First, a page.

Sunday, July 21, 2019

How the Twins Were Born pt. 2: The hospital

I called our doula as Tyler pulled out of the parking lot of the birthing center and explained what the midwife had decided. I could hear (or maybe I was convincing myself of) the disappointment in her voice as she said, "Ok. Do you want me to meet you at the hospital, or are you both ok from here?"

I knew the hospital's policies. Tyler wasn't going to be in the room, so she definitely wouldn't be allowed in either. I wasn't sure what exactly she would be doula'ing, but I was sure that I wanted at least two people in my corner as I went into this ordeal.

Living in a relatively remote part of Korea means that even when you go to one of the biggest hospitals on the island, it's still a ghost town in the middle of the night. We parked in the garage, and walked into a darkened and empty hospital. All the lights were out, there were no nurses or doctors walking around, just a faint glow coming from the door to the emergency room. We went in, and even the ER was quiet. There were a few people sitting in the waiting room, but we walked right up to reception. They didn't have to ask any questions, it was very clear why I was there. I was whisked away immediately and our doula found us easily when she arrived--just looked for the only white people in the place!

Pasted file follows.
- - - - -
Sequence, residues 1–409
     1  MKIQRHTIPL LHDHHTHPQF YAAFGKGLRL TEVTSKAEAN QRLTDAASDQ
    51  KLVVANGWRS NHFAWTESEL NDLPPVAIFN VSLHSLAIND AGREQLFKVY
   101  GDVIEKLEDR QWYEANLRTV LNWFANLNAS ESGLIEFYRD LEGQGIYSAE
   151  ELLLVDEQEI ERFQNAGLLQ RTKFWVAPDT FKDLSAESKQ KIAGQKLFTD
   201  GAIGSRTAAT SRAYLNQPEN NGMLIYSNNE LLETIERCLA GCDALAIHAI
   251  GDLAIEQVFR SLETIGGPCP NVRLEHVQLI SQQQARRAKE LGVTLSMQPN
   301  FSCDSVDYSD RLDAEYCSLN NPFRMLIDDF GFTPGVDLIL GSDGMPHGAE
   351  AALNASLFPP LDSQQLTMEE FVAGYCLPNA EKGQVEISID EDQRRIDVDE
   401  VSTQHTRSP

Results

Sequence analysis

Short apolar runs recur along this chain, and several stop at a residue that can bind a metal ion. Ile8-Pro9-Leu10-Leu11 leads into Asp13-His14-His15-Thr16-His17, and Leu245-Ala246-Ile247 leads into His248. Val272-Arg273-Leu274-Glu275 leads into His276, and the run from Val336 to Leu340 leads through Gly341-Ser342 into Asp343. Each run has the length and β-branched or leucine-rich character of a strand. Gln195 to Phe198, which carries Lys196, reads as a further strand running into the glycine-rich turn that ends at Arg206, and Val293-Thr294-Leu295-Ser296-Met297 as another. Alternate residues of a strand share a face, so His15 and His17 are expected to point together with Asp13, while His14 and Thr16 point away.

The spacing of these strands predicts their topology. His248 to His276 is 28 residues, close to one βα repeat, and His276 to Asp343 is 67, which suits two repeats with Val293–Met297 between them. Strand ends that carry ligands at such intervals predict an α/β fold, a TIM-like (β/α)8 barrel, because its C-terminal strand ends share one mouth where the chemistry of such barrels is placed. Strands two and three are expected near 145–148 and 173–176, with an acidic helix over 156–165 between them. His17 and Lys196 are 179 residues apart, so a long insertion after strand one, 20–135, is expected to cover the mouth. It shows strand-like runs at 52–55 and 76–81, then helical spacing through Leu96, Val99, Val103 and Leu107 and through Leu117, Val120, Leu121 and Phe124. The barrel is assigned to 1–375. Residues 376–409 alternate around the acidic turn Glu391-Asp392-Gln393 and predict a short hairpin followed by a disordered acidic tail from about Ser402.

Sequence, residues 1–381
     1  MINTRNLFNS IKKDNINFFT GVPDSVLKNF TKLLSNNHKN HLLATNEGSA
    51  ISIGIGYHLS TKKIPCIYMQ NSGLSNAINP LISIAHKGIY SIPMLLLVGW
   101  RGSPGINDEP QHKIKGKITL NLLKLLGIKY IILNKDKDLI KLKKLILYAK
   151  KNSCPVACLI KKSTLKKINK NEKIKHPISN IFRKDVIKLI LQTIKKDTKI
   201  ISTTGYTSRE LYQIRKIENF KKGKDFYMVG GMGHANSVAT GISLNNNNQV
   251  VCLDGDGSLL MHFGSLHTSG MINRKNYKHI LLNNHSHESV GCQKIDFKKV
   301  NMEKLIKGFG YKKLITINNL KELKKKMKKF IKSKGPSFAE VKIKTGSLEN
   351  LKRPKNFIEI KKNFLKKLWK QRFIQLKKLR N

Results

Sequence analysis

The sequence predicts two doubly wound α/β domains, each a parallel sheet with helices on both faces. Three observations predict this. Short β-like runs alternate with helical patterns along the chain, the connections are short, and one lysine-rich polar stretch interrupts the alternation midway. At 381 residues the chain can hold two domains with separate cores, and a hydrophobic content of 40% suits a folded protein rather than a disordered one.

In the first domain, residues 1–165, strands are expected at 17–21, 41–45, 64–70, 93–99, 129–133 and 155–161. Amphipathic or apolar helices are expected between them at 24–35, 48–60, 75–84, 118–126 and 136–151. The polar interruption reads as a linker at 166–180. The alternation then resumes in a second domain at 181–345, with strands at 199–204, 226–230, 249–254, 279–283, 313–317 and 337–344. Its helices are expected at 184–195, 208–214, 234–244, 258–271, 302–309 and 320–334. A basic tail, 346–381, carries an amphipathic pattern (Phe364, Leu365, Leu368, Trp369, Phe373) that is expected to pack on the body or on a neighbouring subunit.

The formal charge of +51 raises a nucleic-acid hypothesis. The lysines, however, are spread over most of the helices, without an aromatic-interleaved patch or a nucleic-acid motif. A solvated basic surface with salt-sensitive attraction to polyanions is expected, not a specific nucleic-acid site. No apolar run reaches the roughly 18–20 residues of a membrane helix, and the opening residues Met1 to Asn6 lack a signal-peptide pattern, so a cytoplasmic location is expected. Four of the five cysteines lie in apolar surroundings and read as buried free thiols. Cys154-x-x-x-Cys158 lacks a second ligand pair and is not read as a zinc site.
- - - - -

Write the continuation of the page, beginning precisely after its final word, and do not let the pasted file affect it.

From that point on, I had no control over what happened. At least it felt that way. I met the OBGYN on duty that night--not the doctor I had broken up with. She was called and, I imagine, happily handed me off to another doctor. I'm thankful that she did, actually, because the OB on duty turned out to be the most empathetic medical professional I have met in Korea! She entertained the notion of a natural birth for about a minute while she did an ultrasound to confirm the midwife's recommendation. She asked me why I had gone to the midwife in the first place instead of scheduling a c-section weeks ago.